but these proofs are usually extremely
long. But we can use the Occam razor
principle to recognize and verify mathematical proofs as typically written in
journals. We can then find proofs of
theorems that have reasonable length
proofs say in under 100 pages. A person
who proves P = NP would walk home
from the Clay Institute not with $1 million check but with seven (actually six
since the Poincaré Conjecture appears
Don’t get your hopes up. Complexity
theorists generally believe P ≠ NP and
such a beautiful world cannot exist.
approaches to Showing P ≠ NP
ILLUs TRATIon By C. E. B. REAs
Here, I present a number of ways we
have tried and failed to prove P ≠ NP.
The survey of Fortnow and Homer14
gives a fuller historical overview of these
Diagonalization. Can we just construct an NP language L specifically
designed so that every single polynomial-time algorithm fails to compute L
properly on some input? This approach,
known as diagonalization, goes back to
the 19th century.
In 1874, Georg Cantor7 showed the
real numbers are uncountable using a
technique known as diagonalization.
Given a countable list of reals, Cantor
showed how to create a new real number not on that list.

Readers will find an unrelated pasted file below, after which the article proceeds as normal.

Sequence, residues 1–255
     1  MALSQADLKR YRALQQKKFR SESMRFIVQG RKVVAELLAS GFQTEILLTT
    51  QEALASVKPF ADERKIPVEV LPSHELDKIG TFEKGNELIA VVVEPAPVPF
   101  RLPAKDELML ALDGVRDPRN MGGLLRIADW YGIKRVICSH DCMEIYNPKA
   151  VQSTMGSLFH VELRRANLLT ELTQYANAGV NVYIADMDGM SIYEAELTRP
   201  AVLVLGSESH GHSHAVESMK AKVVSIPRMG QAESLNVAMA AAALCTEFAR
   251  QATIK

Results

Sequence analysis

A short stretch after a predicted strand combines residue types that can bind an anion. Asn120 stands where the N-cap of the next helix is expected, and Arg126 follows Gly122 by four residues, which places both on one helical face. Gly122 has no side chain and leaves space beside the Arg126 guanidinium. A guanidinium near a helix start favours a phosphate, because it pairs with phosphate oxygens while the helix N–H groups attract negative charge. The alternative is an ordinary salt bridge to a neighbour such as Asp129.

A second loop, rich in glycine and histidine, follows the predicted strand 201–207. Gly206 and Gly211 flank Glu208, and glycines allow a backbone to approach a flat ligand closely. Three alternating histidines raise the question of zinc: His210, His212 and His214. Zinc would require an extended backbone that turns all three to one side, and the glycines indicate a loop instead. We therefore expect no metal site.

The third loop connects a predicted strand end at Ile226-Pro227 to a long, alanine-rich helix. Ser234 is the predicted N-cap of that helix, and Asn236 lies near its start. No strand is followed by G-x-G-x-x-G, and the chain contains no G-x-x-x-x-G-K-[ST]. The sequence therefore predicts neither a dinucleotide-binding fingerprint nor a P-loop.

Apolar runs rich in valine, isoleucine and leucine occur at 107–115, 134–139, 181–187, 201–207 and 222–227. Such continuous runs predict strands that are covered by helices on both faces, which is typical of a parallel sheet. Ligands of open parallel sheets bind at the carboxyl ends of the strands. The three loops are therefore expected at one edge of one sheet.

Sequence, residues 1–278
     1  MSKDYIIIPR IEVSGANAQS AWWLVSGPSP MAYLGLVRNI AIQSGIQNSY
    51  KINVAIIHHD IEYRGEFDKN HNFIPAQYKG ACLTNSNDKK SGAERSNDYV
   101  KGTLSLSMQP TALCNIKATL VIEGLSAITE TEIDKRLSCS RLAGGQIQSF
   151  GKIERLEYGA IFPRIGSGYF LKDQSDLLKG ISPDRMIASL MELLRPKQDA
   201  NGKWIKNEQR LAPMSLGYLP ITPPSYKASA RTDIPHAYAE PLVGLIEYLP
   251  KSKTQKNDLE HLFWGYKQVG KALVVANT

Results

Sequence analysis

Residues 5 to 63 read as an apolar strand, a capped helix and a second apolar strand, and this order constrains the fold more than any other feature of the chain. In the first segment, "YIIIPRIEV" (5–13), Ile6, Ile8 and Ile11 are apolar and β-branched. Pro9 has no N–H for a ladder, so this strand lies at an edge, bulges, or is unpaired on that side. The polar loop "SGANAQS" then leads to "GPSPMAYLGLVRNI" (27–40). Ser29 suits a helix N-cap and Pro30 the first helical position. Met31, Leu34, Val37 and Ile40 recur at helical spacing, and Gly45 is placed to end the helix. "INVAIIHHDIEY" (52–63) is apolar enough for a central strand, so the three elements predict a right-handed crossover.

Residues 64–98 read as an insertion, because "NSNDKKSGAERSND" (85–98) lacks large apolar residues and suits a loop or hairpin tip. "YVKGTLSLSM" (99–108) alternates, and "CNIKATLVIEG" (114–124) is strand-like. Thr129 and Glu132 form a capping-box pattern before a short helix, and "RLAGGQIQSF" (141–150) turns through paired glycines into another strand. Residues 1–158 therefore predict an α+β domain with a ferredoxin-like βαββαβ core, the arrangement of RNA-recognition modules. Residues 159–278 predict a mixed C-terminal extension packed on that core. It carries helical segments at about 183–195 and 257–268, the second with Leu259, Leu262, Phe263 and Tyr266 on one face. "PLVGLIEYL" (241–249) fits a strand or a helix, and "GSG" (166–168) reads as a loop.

Alan Turing, in his seminal paper on
computation, 38 used a similar technique
to show that the Halting problem is not
computable. In the 1960s complexity
theorists used diagonalization to show
that given more time or memory one
can solve more problems. Why not use
diagonalization to separate NP from P?
Diagonalization requires simulation and we don’t know how a fixed NP
machine can simulate an arbitrary P
machine. Also a diagonalization proof
would likely relativize, that is, work even
if all machines involved have access to
the same additional information. Baker, Gill and Solovay6 showed no relativ-izable proof can settle the P versus NP
problem in either direction.
Complexity theorists have used di-
agonalization techniques to show some
NP-complete problems like Boolean
formula satisfiability cannot have algorithms that use both a small amount of
time and memory, 39 but this is a long
way from P ≠ NP.
Circuit Complexity. To show P ≠ NP
it is sufficient to show some -complete
problem cannot be solved by relatively
small circuits of AND, OR, and NOT
gates (the number of gates bounded by
a fixed polynomial in the input size).
In 1984, Furst, Saxe, and Sipser15
showed that small circuits cannot solve
the parity function if the circuits have a
fixed number of layers of gates. In 1985,
Razborov31 showed the NP-complete
problem of finding a large clique does
not have small circuits if one only allows
AND and OR gates (no NOT gates). If one
extends Razborov’s result to general circuits one will have proved P ≠ NP.
Razborov later showed his techniques
would fail miserably if one allows NOT
gates. 32 Razborov and Rudich33 develop
a notion of “natural” proofs and give
evidence that our limited techniques